EMDR (Eye Movement Desensitization and Reprocessing) is a type of psychotherapy that was developed to help people overcome traumatic memories and experiences. It's based on the idea that traumatic memories are stored in the brain in an incomplete or fragmented way, and that these memories can be processed and integrated through a combination of exposure and bilateral stimulation, such as eye movements, tapping, or sound.

During an EMDR session, the therapist leads the patient through a process of recalling the traumatic memory while engaging in bilateral stimulation, which is thought to help the brain process the memory and resolve any negative emotions or beliefs associated with it. The goal of EMDR therapy is to help the patient gain a new perspective on their traumatic experience, reduce symptoms of anxiety or depression, and improve their overall functioning.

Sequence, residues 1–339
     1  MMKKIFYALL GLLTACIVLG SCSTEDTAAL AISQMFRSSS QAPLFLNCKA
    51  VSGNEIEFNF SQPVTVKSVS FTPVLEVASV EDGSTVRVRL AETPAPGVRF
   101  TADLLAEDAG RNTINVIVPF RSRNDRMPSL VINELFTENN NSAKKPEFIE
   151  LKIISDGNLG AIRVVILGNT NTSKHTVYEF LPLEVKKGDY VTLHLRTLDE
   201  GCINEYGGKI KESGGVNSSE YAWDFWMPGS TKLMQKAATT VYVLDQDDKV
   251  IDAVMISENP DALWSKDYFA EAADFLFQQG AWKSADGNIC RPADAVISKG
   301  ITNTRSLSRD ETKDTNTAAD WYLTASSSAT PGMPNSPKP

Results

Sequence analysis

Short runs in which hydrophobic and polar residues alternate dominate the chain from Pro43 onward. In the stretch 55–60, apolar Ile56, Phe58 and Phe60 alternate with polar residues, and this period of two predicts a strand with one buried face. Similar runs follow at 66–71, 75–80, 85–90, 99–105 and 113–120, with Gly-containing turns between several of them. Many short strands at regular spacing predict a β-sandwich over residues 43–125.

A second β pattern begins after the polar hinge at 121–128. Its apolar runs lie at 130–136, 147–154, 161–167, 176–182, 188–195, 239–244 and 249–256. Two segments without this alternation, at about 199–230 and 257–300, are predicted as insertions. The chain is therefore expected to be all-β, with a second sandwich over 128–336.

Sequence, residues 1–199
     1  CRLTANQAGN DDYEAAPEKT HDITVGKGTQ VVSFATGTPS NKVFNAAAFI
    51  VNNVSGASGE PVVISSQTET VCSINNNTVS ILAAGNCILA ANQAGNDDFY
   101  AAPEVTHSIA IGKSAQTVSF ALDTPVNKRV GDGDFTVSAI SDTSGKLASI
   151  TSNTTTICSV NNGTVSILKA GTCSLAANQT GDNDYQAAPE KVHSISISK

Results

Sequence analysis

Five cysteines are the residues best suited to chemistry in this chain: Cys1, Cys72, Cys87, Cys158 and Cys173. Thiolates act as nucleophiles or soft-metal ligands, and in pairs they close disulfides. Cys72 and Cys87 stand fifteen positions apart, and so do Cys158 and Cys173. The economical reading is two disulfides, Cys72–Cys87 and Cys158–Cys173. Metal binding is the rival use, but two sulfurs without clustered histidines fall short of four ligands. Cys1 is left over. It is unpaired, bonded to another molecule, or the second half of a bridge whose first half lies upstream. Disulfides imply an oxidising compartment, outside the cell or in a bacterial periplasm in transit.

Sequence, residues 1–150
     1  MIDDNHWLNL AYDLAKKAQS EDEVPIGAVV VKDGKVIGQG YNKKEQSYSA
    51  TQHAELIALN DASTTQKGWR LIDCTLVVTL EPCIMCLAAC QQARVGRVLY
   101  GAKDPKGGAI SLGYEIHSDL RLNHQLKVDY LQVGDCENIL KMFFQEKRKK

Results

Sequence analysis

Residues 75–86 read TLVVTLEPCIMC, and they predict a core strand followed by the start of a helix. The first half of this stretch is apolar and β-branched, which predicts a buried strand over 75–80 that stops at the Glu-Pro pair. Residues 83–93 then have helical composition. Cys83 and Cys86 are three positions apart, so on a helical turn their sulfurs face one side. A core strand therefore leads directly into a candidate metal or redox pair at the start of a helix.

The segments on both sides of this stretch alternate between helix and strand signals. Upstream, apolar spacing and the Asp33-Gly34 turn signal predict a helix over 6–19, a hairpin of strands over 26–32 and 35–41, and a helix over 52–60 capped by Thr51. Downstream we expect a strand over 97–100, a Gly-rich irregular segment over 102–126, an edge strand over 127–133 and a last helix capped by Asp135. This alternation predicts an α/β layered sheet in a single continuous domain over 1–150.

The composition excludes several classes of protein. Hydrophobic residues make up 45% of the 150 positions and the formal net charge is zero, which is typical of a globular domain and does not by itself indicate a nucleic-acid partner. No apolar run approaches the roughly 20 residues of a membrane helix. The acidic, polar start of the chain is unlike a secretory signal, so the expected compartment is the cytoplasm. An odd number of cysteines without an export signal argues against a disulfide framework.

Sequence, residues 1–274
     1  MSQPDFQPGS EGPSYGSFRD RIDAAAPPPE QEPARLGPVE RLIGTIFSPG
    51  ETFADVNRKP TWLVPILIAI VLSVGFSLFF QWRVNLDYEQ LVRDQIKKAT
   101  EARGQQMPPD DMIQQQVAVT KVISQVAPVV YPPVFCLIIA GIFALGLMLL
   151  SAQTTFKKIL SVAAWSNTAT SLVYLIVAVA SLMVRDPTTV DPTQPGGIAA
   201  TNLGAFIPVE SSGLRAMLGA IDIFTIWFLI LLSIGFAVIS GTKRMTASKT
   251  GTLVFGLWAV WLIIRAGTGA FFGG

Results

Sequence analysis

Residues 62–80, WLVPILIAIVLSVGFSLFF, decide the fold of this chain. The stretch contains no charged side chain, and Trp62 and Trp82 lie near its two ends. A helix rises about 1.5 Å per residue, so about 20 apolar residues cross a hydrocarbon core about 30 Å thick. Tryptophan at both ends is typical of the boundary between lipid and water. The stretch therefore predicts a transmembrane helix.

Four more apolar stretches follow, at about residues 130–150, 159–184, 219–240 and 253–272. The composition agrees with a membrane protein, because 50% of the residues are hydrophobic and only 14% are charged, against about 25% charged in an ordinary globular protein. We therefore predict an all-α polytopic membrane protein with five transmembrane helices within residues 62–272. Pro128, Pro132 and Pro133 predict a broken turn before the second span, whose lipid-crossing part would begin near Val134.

EMDR has been found to be effective for a variety of conditions, including post-traumatic stress disorder (PTSD), anxiety, depression, and phobias, and is considered a promising treatment approach by many mental health experts. However, as with any therapy, the effectiveness of EMDR can vary depending on the individual, and it's important to work with a qualified and experienced EMDR therapist to determine if it is the right fit for you.